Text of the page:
But Jesus reminds us that perfection is the aim.
I'm not going to unpack this concept here (too much to get into...), except to say that it's an interesting counterpoint to the "God's Not Finished With Me Yet" bumper stickers which--I'll admit--are speaking to the overall truth of all Christians being a work in progress. However, this bumper sticker mantra often seems to serve as an excuse for unacceptable behavior that the individual seems largely unconcerned with fixing or changing!
Christ in this passage is clearly teaching us to not hunker down into tribes of people who are like us and affirm us all the time. He directly says to love and greet people outside of our perceived group. He's still talking about enemies here.
Everyone needs to hear this message! Christians, people of other faiths, and atheists--everyone! Because research has noted (call out to social psychologist Jonathan Haidt's excellent work!) that tribalism is on the increase in the public sphere, we need to follow Christ's direction on this rather than the larger society's.
Haidt, in this interview (https://blog.ted.com/the-other-side-isnt-your-enemy-jonathan-haidt-speaks-at-tednyc/) shares this quote from a pollster: “We are either ‘drawbridge up’ people or ‘drawbridge down’ people.” And then Haidt, who is not a Christian, offers recommendations for what to do about the intense vitriol and tribalism in society. As the above article quotes,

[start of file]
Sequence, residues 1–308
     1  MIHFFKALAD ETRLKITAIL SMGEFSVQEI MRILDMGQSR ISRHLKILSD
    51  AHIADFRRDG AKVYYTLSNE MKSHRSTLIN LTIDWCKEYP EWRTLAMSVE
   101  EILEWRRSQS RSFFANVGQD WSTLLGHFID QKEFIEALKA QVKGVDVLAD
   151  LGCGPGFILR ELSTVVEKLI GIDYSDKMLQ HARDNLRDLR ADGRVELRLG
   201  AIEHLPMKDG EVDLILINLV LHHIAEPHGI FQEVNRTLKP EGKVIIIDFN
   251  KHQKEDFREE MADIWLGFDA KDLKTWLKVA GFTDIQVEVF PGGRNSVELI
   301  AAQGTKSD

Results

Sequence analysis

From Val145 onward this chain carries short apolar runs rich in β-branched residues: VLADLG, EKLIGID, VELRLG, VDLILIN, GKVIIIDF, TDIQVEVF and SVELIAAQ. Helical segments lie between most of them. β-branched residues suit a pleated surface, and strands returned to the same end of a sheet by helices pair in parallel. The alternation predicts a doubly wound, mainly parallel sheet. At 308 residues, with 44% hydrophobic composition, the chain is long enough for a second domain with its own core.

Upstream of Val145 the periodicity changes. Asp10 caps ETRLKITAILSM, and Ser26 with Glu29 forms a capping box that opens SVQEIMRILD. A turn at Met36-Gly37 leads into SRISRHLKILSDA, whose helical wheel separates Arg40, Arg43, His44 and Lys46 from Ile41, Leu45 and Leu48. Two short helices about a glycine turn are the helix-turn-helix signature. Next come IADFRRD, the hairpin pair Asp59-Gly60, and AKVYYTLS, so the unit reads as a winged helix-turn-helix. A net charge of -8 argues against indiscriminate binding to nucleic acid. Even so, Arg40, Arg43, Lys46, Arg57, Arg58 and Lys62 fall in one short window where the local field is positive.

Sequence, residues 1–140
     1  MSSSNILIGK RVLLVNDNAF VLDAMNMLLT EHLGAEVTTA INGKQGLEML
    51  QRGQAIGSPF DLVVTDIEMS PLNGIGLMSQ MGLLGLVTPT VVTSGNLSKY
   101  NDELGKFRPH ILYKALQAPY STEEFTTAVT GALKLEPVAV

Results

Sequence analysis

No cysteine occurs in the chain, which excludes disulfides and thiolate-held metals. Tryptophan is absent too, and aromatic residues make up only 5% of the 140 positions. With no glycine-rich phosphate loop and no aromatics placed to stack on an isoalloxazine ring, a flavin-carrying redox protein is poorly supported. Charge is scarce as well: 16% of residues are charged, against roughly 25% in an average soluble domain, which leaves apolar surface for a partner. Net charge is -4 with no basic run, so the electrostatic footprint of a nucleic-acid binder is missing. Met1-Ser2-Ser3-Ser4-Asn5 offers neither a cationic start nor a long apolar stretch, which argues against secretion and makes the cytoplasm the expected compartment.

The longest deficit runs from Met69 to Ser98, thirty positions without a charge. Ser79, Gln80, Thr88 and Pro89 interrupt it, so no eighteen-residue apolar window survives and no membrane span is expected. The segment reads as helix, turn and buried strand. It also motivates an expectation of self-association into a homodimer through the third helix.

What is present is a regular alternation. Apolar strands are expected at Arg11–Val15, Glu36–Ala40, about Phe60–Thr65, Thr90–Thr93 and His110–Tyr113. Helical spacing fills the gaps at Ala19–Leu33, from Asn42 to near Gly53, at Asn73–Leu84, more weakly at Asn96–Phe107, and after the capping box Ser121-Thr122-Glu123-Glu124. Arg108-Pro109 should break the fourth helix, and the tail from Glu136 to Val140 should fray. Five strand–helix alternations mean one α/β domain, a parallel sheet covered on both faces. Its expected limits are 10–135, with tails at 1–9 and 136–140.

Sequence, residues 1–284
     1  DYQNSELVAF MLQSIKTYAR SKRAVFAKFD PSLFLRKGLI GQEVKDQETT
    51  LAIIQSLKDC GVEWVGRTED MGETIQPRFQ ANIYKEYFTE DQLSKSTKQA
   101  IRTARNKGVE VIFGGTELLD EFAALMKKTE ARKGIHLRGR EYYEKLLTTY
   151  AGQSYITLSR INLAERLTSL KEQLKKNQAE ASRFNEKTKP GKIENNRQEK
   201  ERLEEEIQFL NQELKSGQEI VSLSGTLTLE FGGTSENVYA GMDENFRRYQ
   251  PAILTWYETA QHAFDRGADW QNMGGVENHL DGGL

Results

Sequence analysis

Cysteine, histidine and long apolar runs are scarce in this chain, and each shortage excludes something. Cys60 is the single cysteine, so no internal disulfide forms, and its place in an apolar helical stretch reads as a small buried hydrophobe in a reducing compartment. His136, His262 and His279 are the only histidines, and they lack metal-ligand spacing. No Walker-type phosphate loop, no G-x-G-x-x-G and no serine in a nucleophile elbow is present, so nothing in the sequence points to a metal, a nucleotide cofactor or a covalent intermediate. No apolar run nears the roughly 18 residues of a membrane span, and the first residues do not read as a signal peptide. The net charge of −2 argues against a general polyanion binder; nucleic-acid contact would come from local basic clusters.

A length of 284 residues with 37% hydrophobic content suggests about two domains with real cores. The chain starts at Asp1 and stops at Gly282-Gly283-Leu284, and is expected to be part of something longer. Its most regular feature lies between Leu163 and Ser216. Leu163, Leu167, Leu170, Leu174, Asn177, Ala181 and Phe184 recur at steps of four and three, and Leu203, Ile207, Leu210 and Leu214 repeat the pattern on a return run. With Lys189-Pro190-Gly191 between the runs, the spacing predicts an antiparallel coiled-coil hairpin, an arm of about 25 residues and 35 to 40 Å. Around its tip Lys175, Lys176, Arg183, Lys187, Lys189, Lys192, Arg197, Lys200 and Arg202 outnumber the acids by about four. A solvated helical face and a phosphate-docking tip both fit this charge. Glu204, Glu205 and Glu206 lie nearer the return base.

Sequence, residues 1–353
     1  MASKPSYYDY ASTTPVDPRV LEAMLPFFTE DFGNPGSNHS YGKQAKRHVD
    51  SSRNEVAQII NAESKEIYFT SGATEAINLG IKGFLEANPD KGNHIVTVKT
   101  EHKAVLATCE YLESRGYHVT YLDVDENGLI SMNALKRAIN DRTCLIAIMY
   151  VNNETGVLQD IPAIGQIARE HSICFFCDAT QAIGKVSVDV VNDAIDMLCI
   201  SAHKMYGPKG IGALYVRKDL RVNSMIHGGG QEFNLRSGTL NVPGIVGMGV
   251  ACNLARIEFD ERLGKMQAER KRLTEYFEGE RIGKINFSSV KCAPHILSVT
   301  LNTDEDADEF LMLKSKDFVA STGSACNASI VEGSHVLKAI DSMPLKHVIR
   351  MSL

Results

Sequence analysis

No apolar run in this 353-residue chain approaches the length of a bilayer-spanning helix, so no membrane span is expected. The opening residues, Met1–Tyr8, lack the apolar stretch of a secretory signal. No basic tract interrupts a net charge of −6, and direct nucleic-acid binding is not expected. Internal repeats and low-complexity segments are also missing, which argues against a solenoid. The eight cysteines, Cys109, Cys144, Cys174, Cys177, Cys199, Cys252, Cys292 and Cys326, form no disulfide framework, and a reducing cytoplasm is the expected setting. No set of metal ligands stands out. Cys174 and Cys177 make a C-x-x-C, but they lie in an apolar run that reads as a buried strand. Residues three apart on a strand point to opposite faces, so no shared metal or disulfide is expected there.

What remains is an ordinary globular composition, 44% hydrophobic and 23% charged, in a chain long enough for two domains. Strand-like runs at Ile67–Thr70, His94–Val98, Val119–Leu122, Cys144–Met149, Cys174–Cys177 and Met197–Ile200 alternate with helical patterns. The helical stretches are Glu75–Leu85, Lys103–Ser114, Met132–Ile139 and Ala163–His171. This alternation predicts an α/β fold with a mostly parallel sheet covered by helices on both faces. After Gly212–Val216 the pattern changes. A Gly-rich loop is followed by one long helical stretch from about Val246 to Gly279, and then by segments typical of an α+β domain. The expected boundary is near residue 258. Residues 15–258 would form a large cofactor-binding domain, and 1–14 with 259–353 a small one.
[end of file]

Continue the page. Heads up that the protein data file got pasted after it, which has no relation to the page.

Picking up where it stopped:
He suggests turning to the ancient wisdom of Buddha, Jesus and Marcus Aurelius for advice on how to drop fear, reframe our differences and stop seeing other people as your enemy. “Be more humble; you don’t know as much as you think,” he says. “Make an effort to meet someone on the other side. Only with people who challenge us can we find the truth."
His words are more in-line with Christ's in the Sermon on the Mount than many Christians'! This is a researcher who is an international expert on group behavior, and he is recommending that the best way to move forward is not to push more, shout harder, and assert more strongly. The counter-intuitive method of Christ is the best antidote to what ails us as a society...and individually.
As people around the world celebrate the death and resurrection of Christ this week, let's look more closely, more carefully, more fully at His actual words...and allow His resurrection power do far more than give us an easy life of worldly success. I'll conclude with an ancient Easter prayer:
O God of unchangeable power and light eternal,
look kindly upon the wonderful mystery of Your Church
and by the tranquil operation of Your perpetual providence,
carry forward, the work of human salvation
and let the whole world feel and see,
that things, which were cast down
are being raised up,
that things which had grown old,
are being made new
and all things are returning to perfection,
through Him, in whom they have their source,
in Jesus Christ, our Lord.